One of the main reasons It Girl and the Atomics is so fun to read is because It Girl is such a relatable character. Newly gifted with powers from alien spores in issue #1, we first meet Luna (It Girl) through her video game persona, then in person. Sitting in her dimly lit room, clad in only a bath robe and slippers, she passes her time by playing Dark Streets, a video game in which she is a character. Finally, a lazy superhero.
While she plays her video game in the first issue, we are introduced to the Moriarty-level enemy. Only known to her as Lala Wah-Wah in the online video game, she even plays as the villain.
In the second and most recent issue, however, It Girl is still floating in hyperspace from an experiment gone wrong in Dr. Gillespie Flem’s laboratory. The plan was to teleport her using electronic transference but she became caught up in the hyperspace and had to fight her way out into the real world. Still in her electronic, incorporeal form, It Girl decides to attempt to stop a bank robbery perpetrated by Hedgehog, Ferret, and Otter. When faced with fatal trauma, she wakes up in her actual body in the laboratory. Even with the villains being in possession of such silly names that really no one can take seriously, they mesh well with the overall feel of It Girl and the Atomics because nothing in the comic can really be taken too seriously to begin with. The silliness doesn’t water down the plot too much, partially because there isn’t much to water down. Only at issue #2, It Girl and the Atomics has begun to establish the characters and a bit of the larger story line involving Lala Wah-Wah.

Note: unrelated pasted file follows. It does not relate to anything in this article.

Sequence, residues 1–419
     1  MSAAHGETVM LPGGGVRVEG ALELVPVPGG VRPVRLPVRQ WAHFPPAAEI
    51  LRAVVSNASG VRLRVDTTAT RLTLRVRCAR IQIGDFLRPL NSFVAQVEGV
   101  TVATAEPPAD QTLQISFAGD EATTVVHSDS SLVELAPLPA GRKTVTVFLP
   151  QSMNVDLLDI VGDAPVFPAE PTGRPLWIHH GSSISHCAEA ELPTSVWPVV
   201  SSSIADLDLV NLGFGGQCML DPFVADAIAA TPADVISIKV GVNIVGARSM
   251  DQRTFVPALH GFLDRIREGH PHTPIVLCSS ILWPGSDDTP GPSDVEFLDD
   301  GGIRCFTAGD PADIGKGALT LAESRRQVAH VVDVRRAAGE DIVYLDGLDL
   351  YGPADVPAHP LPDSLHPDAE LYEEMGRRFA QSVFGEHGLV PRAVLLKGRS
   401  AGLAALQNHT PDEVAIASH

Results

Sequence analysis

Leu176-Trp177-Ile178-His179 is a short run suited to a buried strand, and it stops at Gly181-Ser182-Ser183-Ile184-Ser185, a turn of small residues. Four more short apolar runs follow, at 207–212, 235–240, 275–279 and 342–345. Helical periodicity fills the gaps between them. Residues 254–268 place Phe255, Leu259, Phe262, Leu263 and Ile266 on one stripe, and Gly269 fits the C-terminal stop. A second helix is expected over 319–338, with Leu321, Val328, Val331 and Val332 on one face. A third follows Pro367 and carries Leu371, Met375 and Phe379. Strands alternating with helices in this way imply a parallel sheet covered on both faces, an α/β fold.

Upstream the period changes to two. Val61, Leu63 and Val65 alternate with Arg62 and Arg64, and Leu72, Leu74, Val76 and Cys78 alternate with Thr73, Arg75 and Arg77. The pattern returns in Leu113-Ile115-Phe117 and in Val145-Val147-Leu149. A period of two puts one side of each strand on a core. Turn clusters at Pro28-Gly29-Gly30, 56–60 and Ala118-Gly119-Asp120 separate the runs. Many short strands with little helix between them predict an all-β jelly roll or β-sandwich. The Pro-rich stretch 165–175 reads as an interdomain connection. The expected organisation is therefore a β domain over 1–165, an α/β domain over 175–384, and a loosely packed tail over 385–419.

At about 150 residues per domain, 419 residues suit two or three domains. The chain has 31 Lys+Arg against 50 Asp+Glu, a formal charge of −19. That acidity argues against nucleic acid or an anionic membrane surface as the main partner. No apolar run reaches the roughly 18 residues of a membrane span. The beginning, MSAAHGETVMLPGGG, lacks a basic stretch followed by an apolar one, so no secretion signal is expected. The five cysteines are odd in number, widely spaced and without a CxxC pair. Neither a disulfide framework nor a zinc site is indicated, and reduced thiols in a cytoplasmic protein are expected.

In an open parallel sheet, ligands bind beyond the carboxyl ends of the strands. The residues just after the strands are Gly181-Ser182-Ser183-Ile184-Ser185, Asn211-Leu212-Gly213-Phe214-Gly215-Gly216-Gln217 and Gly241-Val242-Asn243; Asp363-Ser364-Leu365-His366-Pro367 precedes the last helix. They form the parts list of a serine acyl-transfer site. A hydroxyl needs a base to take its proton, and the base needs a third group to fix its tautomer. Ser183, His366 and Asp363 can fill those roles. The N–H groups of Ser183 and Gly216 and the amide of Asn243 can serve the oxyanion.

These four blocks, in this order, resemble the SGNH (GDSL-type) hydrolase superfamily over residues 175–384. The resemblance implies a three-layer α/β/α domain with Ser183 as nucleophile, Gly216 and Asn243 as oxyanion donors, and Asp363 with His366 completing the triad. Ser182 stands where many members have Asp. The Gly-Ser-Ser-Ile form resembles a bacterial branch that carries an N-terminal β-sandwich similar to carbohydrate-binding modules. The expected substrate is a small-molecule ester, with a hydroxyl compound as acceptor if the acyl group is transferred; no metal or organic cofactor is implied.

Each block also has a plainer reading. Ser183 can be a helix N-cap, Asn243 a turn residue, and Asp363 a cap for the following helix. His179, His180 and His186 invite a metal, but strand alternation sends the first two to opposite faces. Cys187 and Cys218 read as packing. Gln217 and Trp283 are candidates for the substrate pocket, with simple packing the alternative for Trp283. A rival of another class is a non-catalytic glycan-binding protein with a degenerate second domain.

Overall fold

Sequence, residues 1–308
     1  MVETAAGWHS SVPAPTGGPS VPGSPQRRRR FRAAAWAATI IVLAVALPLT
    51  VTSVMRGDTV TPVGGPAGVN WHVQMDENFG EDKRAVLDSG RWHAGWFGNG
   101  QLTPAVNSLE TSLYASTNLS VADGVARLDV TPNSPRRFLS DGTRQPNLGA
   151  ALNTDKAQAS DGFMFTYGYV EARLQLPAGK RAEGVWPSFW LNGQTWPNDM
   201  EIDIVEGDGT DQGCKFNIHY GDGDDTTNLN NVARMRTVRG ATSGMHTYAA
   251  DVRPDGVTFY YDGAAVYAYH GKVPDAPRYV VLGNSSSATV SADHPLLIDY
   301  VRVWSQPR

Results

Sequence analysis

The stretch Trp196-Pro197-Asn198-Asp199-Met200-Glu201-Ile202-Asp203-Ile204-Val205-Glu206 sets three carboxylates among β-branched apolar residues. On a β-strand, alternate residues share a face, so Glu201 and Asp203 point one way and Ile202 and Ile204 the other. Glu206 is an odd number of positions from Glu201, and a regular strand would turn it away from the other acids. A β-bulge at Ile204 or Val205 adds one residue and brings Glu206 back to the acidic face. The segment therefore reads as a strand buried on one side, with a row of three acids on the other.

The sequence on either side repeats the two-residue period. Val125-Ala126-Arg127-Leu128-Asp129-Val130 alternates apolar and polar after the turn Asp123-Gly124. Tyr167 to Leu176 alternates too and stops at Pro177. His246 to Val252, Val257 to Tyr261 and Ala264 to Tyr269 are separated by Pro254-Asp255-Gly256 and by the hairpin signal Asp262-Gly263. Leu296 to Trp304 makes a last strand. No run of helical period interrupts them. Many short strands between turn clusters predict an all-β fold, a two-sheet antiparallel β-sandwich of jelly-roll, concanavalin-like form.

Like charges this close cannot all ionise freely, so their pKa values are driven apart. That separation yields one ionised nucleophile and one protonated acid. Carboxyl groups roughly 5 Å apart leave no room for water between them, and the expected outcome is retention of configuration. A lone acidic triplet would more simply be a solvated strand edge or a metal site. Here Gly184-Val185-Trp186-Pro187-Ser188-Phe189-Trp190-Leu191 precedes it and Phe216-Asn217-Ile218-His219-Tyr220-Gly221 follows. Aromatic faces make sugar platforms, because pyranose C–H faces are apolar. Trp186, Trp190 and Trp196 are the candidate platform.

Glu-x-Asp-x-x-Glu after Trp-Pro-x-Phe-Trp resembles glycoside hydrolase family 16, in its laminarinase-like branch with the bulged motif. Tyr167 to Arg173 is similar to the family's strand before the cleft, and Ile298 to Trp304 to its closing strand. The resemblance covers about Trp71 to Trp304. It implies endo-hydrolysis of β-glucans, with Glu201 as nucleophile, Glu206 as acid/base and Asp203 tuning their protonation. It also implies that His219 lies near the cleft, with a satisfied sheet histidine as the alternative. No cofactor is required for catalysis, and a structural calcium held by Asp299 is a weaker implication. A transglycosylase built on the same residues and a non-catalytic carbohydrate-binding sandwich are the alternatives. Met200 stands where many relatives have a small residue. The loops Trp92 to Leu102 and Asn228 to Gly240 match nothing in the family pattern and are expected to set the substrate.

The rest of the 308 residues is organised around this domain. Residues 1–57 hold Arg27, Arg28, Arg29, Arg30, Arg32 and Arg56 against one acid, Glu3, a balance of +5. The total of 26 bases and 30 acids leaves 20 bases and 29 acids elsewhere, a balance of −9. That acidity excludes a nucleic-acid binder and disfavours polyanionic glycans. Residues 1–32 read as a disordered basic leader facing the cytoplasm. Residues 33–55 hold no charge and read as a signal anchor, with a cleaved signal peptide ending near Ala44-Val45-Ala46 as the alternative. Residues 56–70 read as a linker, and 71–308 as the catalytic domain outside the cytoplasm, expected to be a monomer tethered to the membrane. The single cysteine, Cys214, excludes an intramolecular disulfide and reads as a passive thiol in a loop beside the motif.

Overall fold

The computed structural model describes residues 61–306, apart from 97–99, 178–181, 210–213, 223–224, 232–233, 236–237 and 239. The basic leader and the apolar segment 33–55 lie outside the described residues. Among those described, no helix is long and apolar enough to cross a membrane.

The art is surprisingly good for an indie comic and doesn’t subtract anything from the overall comic book, but rather improves upon the sometimes hard to grasp plot. When the reader first meets the Skunk, for example, the history is clear in the conversation between the Skunk and It Girl; however, when Lala Wah-Wah is referenced, the comic doesn’t go into detail at all. The art helps in this aspect because it keeps Lala Wah-Wah’s silhouette simple and unobtrusive. With Mike Norton on lines and Allen Passalaqua on colors, they manage to keep it as fun and pretty as It Girl herself.
While the story doesn’t give too much background on the Atomic books It Girl is spun off of, my only suggestion would be to add more history so the reader doesn’t have to do any outside research. It Girl and the Atomics is the Josie and the Pussycats of indie comics.